The poverty can be bewildering, and yet it's also home to some of the most beautiful works of art. Fans of Diego Rivera and Frida Kahlo will delight in the museums that bare their name, particularly in the guide to all the characters in Rivera's most famous mural "Sueño de una Tarde Dominical en la Alameda" (Dream of a Sunday Afternoon in the Alameda.) If I had to estimate, I'd guess I saw about 1/100 of all the magical things in Mexico City, and I hope to go back someday.
But of course, being the geek that I am, I went there with the Minnesota Volunteers who allow me to accompany them for the U.S.-Mexico World Cup qualifier, which was a one-of-a-kind experience I really never need to have again.
I understand that sports brings out the wild side of people, and I love them for that, but being pelted by beer, ramen noodles (yes, really) and any number of other bottled liquids throughout the game was really beyond the pale. And after the game, being escorted by riot police into police paddywagons (I had the luck to get a bus instead) as we were verbally assaulted with just about every Spanish epithet you can dream up was just the definition of unpleasant. All I could think was: I wonder what they would do if they lost? I still love the city and most of its people, though.
But this is all about movies, right, and I've managed to miss quite a few. I really need to see "Julie & Julia" before it leaves theaters, and since "District 9" will apparently just blow my mind, I should see that soon too. But before that, however, the one movie I've been waiting for what seems like forever to see is Miyazaki's "Ponyo," which is somehow thankfully playing at one of our multiplexes. Well, I have to drive a half hour to see it, but I'm more than willing to do that this afternoon. Then, of course, it's the season three premiere of "Mad Men" tonight, so a perfect day. Peace out.
Wednesday, August 05, 2009
R.I.P. John Hughes, viva Machete and the continuing amazing glory that is "Where the Wild Things Are"
I'm not sure there's anything terribly profound I can say about the fact that John Hughes died of a heart attack at the far-too-young age of 59 while out on a walk yesterday, but it's certainly a cautionary tale. I never thought the man was a terribly out-of-shape-looking guy, but to only make it that long in our world is just thoroughly depressing (and, yes, you can thank me for stating the obvious.)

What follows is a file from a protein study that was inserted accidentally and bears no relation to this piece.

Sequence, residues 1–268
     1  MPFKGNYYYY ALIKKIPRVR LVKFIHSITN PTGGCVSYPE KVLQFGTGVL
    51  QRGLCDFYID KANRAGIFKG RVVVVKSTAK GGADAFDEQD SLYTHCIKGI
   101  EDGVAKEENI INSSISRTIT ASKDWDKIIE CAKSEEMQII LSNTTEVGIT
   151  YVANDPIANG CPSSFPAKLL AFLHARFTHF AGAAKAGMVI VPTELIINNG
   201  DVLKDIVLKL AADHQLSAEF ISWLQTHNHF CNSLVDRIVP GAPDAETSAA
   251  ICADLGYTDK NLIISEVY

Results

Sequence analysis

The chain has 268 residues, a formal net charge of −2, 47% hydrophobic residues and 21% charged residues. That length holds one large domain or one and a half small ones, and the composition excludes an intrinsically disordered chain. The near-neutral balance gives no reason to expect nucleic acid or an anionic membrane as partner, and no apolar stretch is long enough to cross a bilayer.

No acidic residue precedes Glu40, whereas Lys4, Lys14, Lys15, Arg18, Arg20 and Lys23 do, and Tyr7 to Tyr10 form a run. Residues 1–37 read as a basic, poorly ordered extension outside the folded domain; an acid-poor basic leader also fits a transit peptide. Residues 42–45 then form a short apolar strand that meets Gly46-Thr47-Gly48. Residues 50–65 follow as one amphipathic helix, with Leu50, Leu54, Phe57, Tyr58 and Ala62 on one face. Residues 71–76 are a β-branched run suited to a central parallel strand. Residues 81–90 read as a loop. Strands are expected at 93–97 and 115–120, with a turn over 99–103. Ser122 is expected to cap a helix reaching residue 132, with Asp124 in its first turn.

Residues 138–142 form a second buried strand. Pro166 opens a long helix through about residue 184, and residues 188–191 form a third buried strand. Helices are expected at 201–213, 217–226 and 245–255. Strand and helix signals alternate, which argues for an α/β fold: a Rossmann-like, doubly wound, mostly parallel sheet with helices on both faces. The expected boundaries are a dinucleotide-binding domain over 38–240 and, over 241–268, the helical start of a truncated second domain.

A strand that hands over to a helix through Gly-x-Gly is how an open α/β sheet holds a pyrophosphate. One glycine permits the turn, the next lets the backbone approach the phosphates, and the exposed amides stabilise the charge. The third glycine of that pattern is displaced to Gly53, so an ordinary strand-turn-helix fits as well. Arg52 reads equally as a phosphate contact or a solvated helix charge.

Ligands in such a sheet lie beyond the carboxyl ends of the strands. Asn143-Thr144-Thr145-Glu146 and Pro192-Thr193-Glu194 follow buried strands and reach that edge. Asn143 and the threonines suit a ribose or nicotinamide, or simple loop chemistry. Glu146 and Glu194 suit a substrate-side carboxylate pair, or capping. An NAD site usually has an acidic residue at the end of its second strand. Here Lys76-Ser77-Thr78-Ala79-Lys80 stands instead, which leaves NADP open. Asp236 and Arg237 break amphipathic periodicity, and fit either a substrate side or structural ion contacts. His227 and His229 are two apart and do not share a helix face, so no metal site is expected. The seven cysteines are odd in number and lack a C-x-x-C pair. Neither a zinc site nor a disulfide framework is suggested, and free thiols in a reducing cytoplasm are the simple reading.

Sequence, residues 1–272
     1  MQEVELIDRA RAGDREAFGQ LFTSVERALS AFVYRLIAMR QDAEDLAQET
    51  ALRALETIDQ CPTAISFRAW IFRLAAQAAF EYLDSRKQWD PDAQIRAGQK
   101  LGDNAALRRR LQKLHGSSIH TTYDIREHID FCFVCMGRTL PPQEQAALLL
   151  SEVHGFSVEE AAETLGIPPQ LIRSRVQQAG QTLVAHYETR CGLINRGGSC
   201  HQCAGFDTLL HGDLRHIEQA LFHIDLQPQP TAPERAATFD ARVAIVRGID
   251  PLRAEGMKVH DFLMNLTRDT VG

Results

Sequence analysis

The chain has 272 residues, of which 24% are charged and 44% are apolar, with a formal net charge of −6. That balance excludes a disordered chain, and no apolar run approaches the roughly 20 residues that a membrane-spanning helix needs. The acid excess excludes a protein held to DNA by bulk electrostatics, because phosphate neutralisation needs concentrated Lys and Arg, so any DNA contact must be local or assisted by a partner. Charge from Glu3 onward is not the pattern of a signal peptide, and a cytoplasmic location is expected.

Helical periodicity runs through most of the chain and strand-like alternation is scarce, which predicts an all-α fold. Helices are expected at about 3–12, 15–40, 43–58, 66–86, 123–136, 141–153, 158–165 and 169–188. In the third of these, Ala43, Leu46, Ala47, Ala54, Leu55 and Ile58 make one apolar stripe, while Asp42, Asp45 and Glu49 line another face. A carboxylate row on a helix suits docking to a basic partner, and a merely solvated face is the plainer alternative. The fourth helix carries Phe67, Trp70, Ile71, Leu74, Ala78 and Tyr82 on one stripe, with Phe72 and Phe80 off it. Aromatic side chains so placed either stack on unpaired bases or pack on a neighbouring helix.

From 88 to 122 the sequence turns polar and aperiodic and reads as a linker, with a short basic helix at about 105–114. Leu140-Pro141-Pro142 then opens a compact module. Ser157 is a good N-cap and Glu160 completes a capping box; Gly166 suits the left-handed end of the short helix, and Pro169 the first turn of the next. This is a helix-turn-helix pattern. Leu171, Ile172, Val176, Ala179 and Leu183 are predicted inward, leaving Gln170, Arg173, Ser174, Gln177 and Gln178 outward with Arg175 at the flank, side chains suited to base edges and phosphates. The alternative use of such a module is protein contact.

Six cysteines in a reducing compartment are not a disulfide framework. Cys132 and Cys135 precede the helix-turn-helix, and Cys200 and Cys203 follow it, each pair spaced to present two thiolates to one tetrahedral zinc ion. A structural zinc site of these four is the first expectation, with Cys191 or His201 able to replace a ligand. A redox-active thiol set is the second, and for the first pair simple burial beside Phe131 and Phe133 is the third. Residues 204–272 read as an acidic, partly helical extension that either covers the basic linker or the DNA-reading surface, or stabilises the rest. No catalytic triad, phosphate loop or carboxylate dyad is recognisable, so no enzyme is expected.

I was surprised to see from his IMDB resume that, although he wrote or produced a ton of movies, he actually only directed eight flicks. But when your first four directing gigs are, in this order, "Sixteen Candles," "The Breakfast Club," "Weird Science" and "Ferris Bueller's Day Off," in the space of only three years from 1984-'86, you clearly know what you're doing. The man just got exactly what it was like to be a teenager in the '80s, which I was, and for that I can only say thanks.
Of those four classic flicks, I know many people would pick "The Breakfast Club" as the best, but for me it was always "Ferris Bueller's Day Off." It was one of the first movies that taught me how directors can give their movies a sense of place, which Hughes did so perfectly with Chicago, and it was just so much fun to watch Matthew Broderick, Mia Sara and Alan Ruck romp their way through it.
For me, however, Hughes made just as much of a mark with his music selections, specifically for "Pretty in Pink" and "Some Kind of Wonderful," two movies he wrote and produced.
There might not be a finer movie soundtrack than the one for "Pretty in Pink," and I just wore a hole through my cassette copy of it in the '80s (sadly, I tried to buy it on iTunes this morning, but it's somehow not even available.) Starting with OMD's "If You Leave" and continuing through Suzanne Vega and Joe Jackson's "Left of Center" (my favorite track) and the Psychedelic Furs' title track, and then, of course, finishing up with "Please, Please, Please Let Me Get What I Want" by the Smiths, it had just enough angst but was mostly just an aural confection I couldn't put down for at least six months straight or so.
"Some Kind of Wonderful" was in so many ways just a pale knockoff of "Pretty in Pink," but in terms of the soundtrack it stands up pretty well over time on its own too. "The Hardest Walk" has always been one of my favorite Jesus and Mary Chain songs, and to this day I still can't get that crazy Lick The Tins version of "I Can't Help Falling In Love," later used in Stephen Frears' "The Snapper," easily one of my favorite comedies, out of my head.
Rest in peace indeed, Mr. Hughes.